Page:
Vincent van Gogh - Head of a Peasant Woman with Brownish Cap 1885

Head of a Peasant Woman with Brownish Cap 1885
Head of a Peasant Woman with Brownish Cap
Oil on canvas 40.0 x 30.0 cm. Nuenen: January, 1885
Otterlo: Kröller-Müller Museum

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The Letters of Vincent van Gogh

To Theo van Gogh. Dordrecht, Wednesday, 28 February 1877.
My dear Theo,
Write again soon if you can find a moment, remain steadfast, be of good heart, and He shall strengthen thine heart. Wrote something for us last night which I enclose herewith, read it sometime.
Last night I left the office at 1 o’clock and walked around the Grote Kerk again and then along the canals and past that old gate to the Nieuwe Kerk and then home. It had snowed and everything was so still, the only thing one saw was a little light here and there in one or two upstairs rooms and, in the snow, the black figure of the rattle-man. It was high tide, and the canals and boats looked dark against the snow. It can be so beautiful there by those churches. The sky was grey and foggy, and the moon shone faintly through it.
Thought of you while I was walking, and upon arriving home I wrote what I’m sending you. It’s perhaps a time when one needs ‘the sound of a psalm of the past and a lamentation from the Cross’.

Behold, I thought in the dead of night
To hear His voice, so tender, so soft.

You have of course a De Génestet. Do read it much and often.
Pa sent me this once when I was in Paris:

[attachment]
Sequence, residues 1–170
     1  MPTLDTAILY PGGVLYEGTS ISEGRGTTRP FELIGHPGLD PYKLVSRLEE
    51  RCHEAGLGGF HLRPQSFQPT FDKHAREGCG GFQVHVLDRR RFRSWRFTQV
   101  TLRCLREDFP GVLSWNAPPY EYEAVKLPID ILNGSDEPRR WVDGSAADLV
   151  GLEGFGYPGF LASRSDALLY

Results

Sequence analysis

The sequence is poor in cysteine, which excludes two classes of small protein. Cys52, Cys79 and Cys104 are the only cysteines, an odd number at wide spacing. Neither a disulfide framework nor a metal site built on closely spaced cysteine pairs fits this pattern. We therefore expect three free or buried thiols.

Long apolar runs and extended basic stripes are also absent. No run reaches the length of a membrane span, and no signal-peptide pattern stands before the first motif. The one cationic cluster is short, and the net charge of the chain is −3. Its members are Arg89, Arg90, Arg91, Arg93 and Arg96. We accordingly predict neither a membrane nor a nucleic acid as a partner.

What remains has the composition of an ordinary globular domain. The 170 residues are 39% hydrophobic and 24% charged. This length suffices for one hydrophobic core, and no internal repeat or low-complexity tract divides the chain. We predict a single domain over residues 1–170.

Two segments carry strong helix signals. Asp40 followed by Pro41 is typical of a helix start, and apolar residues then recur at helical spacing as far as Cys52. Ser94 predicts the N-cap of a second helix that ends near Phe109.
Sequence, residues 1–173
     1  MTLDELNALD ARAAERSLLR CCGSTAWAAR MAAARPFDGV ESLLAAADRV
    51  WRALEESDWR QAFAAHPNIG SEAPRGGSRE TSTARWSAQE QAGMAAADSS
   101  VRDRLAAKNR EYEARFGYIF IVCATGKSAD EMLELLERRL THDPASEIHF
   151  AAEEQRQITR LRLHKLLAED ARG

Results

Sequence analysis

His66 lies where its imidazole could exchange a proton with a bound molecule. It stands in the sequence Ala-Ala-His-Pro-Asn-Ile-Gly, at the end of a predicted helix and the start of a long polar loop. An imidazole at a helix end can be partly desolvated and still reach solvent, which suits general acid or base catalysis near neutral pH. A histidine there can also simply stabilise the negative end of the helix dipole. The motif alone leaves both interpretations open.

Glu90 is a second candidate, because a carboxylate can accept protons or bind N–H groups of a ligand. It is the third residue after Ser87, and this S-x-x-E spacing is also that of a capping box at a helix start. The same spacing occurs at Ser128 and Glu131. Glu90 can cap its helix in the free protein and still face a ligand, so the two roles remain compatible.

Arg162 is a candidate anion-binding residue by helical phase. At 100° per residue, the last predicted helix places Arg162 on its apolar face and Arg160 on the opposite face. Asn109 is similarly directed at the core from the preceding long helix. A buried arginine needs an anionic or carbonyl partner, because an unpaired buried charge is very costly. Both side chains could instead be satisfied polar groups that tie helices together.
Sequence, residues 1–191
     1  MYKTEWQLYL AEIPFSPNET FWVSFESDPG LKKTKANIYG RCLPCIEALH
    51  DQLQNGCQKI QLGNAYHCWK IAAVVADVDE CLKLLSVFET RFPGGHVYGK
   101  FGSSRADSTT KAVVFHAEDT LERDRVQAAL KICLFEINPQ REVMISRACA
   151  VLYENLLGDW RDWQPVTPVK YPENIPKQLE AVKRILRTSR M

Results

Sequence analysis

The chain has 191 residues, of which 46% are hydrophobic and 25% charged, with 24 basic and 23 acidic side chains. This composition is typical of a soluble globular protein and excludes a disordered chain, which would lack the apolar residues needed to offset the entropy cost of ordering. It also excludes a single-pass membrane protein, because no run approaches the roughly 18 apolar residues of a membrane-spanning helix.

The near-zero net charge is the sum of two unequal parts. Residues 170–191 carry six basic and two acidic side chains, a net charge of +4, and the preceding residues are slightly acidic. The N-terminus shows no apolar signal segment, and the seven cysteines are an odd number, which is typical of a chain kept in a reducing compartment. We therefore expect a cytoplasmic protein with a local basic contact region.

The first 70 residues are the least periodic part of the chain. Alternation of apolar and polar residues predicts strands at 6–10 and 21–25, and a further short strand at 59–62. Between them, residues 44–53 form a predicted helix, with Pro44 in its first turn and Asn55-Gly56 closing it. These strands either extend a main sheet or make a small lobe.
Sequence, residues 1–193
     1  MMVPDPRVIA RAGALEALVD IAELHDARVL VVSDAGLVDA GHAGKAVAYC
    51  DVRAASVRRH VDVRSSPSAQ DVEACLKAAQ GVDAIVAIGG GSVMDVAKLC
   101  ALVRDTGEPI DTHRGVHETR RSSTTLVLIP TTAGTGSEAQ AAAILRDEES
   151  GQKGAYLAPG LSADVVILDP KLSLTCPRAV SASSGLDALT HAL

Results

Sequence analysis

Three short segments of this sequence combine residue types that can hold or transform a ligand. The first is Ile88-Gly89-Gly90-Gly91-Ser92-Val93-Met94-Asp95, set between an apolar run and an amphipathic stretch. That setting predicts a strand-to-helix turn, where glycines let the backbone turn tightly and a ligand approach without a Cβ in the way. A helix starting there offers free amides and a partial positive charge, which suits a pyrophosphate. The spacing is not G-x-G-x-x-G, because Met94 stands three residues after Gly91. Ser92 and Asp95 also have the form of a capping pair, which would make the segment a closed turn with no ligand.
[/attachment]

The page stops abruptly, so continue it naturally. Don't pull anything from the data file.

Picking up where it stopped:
When I was a lad.

When I was a lad, my life carefree as ever
I girt myself up, did whatever I chose,
Free to go wand’ring, to seek, to endeavour,
Free in my travels, my dreams, my repose.

Even for me, though, the hour was nearing
Of calling, of mercy, of seriousness,
When in my bosom the voice I’d been hearing
Enquired ‘Do you love Me?’ – my soul answered ‘Yes’.

Since that hour of waking my dreams are no longer,
Another now leads me, at times ’gainst my will,
Teaches my hands to reach eagerly further,
To follow and carry, oh, happy and still.

Yet now that life’s governed by the Supreme Being
Despite pain and fetters, my soul torn apart –
I find what in life I’d once vainly been seeking:
More rest and more peace for my uneasy heart.

There is no Priest who can explain
Him whom no one seeks in vain.

Although into Elijah I cannot transform
The Lord soared past me after the storm.

Writing to you in haste between tasks, adieu, a hearty handshake in thought from
Your most loving brother